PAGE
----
FROM Lisa Roberts
Mass incarceration in middle America Prison reform is reducing inmate populations from big America cities — but, in many suburbs and rural communities, it's just the reverse. The same crimes that call for probation or just months in jail in Cincinnati, Ohio, are leading to years in prison in nearby Dearborn County, Indiana. The new convicts are not Latinos and African Americans, imprisoned disproportionately for so many years. They're part of the white middle class. One reason is the addiction to prescription drugs that's created a new market for cheap heroin and the crime that goes with it. It's also due to the punitive use of discretion by prosecutors and judges -- raising new questions about equal treatment under the law.
Opioid and Heroin Addictions in America Two epidemics of drug addiction in Middle America have victimized people who suffer from pain. "Fatal heroin overdoses in America have almost tripled in three years. More than 8,250 people a year now die from heroin. At the same time, roughly double that number are dying from prescription opioid painkillers, which are molecularly similar." That's from a recent piece in the New York Times by Sam Quinones, based on his new book, Dreamland: The True Tale of America's Opiate Epidemic . Portsmouth, Ohio is the unlikely "Ground Zero" for parallel epidemics of drug addiction that have spread nationwide. Expensive, but legal, painkillers have been over-hyped by Big Pharma, creating a market for a cheaper form of relief: "black tar Heroin" from Mexico. Congress is beginning to pay attention. Photo: Elizabeth Roy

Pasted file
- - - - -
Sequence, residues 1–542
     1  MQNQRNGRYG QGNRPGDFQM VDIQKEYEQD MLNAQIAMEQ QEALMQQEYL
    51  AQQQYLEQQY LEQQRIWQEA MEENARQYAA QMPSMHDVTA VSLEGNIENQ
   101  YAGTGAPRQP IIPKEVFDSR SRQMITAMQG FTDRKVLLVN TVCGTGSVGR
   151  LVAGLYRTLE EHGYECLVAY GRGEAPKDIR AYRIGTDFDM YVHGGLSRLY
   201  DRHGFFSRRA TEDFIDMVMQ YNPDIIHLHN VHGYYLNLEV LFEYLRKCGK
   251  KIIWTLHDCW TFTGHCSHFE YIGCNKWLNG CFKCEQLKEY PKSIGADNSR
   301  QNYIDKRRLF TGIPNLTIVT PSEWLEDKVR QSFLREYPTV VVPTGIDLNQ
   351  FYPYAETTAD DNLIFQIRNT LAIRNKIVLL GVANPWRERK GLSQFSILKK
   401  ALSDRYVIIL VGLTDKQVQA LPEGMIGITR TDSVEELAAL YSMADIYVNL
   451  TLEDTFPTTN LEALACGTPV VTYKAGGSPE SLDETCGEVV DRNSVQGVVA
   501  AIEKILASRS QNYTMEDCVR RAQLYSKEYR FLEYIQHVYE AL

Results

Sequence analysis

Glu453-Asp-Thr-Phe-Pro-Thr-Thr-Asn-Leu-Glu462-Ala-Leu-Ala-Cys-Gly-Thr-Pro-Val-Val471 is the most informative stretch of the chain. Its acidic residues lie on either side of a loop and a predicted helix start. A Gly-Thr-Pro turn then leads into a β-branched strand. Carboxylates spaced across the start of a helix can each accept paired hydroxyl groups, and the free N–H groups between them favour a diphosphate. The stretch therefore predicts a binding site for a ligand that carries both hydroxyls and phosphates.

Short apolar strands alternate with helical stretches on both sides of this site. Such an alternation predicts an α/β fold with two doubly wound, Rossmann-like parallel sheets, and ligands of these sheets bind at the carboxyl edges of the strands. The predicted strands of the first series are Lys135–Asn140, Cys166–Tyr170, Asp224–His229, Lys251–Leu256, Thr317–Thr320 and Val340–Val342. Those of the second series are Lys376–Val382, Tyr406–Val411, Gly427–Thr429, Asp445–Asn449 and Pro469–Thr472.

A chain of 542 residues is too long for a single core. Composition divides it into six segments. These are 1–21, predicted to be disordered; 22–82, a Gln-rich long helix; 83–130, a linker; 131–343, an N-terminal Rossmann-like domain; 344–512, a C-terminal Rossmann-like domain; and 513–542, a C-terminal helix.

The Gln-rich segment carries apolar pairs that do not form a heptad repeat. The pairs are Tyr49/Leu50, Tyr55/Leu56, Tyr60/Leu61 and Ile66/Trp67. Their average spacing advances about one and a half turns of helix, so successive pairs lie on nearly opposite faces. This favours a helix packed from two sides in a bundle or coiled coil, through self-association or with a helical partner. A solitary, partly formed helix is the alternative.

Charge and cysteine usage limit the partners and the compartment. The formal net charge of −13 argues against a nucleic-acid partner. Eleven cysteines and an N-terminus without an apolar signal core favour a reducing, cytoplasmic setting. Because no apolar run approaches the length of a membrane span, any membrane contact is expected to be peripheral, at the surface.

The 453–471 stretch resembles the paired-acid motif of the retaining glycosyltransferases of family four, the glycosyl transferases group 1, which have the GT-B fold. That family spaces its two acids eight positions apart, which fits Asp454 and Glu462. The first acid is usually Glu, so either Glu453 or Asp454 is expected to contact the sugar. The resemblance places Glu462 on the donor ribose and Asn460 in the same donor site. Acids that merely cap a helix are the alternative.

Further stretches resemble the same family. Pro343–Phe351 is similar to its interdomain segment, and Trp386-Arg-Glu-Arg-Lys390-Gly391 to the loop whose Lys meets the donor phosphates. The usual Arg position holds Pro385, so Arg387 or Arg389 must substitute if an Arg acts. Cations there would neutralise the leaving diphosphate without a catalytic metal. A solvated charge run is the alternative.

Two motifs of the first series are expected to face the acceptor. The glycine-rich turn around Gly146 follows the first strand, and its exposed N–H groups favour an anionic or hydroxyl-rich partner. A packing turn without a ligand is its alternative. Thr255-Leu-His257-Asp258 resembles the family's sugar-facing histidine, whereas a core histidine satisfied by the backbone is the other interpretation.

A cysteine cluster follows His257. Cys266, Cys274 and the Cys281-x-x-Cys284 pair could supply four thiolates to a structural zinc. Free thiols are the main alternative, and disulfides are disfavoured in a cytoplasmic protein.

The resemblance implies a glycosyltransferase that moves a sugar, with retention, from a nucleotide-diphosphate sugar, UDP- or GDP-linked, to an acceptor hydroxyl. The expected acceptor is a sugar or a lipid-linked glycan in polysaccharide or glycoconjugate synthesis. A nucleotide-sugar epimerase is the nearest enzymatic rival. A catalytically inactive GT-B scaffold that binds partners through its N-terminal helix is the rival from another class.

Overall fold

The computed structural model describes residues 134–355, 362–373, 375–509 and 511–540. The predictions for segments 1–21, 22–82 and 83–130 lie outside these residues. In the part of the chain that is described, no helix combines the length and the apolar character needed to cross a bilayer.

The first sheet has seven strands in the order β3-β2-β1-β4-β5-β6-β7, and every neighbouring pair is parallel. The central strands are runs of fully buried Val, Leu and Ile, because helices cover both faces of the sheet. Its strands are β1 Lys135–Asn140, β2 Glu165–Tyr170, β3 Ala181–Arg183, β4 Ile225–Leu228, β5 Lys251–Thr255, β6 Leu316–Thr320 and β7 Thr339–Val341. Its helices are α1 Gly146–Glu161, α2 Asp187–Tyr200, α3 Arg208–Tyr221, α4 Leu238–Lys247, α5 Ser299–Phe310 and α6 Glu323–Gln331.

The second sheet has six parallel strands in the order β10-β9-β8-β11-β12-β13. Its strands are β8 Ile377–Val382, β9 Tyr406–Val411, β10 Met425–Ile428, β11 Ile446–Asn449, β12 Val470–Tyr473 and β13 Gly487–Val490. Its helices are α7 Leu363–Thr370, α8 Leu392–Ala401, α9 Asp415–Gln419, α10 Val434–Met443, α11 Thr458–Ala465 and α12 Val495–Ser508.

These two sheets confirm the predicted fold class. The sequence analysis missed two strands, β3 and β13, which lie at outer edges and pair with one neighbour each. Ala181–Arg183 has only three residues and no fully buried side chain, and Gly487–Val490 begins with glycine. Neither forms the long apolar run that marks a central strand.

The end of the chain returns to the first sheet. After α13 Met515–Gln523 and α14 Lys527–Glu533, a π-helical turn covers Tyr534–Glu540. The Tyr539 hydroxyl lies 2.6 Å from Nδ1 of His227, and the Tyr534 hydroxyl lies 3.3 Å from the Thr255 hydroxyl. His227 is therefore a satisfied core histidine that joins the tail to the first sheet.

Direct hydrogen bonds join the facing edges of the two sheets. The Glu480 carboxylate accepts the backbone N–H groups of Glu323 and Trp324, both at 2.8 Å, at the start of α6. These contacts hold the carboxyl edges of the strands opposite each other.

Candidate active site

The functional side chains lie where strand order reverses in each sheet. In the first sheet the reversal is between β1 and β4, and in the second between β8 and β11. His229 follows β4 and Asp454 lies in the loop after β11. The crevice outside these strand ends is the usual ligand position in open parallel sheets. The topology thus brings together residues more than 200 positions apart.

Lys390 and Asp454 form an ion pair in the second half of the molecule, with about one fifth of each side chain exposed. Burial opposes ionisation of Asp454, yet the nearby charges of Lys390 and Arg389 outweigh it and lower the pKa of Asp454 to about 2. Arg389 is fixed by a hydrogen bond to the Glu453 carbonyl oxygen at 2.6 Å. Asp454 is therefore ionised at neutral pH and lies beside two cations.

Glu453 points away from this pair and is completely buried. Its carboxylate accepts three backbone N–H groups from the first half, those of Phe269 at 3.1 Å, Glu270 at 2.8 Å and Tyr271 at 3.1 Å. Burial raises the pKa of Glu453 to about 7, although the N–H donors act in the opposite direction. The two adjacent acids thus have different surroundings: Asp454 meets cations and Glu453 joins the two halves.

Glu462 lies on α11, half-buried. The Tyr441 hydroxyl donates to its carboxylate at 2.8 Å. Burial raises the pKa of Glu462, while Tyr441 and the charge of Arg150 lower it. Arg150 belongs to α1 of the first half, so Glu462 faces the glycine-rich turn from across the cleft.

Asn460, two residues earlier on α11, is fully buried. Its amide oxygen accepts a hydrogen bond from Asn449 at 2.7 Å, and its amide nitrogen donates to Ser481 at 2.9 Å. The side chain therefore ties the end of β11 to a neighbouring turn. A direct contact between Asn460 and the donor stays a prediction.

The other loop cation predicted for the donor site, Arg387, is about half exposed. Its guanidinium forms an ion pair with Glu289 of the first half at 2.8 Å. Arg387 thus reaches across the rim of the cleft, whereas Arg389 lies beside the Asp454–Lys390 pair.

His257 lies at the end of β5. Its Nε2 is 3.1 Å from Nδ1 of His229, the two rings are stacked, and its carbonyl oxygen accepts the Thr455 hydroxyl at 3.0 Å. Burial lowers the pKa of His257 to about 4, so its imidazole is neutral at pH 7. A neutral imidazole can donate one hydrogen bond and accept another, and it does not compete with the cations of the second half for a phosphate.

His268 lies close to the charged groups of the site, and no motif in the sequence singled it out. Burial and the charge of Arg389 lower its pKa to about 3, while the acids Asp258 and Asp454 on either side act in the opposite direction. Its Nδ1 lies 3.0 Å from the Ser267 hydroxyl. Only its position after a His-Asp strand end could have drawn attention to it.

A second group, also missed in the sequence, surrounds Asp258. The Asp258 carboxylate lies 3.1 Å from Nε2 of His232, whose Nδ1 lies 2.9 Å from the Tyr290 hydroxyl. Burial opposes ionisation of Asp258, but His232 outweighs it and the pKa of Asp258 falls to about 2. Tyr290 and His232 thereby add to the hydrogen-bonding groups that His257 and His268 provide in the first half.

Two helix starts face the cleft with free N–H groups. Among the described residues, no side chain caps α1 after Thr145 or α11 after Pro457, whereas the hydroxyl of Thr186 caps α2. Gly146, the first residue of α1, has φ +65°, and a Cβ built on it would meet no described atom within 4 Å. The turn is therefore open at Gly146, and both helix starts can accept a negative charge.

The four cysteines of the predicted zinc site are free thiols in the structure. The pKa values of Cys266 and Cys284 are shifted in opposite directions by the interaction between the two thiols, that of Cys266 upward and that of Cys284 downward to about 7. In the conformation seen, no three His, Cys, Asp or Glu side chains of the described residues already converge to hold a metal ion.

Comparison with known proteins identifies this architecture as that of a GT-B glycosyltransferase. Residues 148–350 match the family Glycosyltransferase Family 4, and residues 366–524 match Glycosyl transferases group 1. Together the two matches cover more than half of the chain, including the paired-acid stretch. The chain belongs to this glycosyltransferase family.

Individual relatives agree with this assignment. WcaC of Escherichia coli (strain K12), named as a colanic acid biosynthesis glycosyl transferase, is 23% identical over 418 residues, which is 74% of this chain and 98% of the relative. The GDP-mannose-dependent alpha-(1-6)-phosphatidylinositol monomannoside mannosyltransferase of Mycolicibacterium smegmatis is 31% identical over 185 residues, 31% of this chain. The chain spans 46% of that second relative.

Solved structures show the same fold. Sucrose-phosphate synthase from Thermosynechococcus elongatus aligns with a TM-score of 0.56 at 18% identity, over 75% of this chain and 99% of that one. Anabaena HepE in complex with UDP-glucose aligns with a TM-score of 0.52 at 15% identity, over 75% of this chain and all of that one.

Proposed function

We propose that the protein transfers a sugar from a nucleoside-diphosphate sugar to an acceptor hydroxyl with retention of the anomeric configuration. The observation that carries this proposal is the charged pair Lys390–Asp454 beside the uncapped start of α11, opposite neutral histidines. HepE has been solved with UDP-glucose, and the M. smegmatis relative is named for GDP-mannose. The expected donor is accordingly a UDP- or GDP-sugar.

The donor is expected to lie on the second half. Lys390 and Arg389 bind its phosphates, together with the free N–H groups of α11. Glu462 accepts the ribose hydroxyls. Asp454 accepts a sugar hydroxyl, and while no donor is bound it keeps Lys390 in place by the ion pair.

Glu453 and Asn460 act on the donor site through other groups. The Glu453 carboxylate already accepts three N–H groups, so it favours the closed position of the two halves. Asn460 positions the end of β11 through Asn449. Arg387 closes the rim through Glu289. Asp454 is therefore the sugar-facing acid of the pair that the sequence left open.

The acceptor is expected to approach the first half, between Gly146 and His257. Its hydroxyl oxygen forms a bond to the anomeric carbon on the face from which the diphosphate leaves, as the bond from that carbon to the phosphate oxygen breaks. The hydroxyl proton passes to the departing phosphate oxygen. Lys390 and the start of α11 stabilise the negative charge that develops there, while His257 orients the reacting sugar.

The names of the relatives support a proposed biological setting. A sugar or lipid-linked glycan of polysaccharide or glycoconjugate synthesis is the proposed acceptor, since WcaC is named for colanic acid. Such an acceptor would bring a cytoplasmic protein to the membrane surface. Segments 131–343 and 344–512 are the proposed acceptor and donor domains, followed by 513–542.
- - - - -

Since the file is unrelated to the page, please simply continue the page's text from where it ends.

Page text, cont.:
What happens when America retreats from the world? Is President Trump taking his "America First" agenda to extremes, withdrawing the country from the international stage on trade and climate change, distancing America from its traditional allies across the Atlantic and even threatening to physically isolate the country through the building of a wall along its southern border? León Krauze guest hosts.
Janesville and the American Dream Janesville, Wisconsin is the hometown of Republican House Speaker Paul Ryan. But he couldn’t prevent the closing of the General Motors factory after 100 years. On this Memorial Day rebroadcast of To the Point, we hear what’s happened to what once was a model of American middle-class unity.
Trump plays scolder-in-chief with NATO allies At the opening of NATO’s dramatic new headquarters in Brussels today, President Trump acknowledged that Article 5 — promising that “an attack on one nation is an attack on all” -- has only been invoked one time: in the aftermath of September 11. But the President failed to provide what 27 other Alliance members have been waiting for: a re-commitment by America’s new leader to Article 5. Instead, they got a scolding.
Human Rights in the era of Donald Trump President Trump’s UN Ambassador, Nikki Haley, said today the US might pull out of the United Nations’ Human Rights Council. Serious violators of human rights are members of the Council itself–and a US resignation could make things worse. Later on today’s show, now that he’s into his second term, comedian turned US Senator Al Franken is telling jokes again.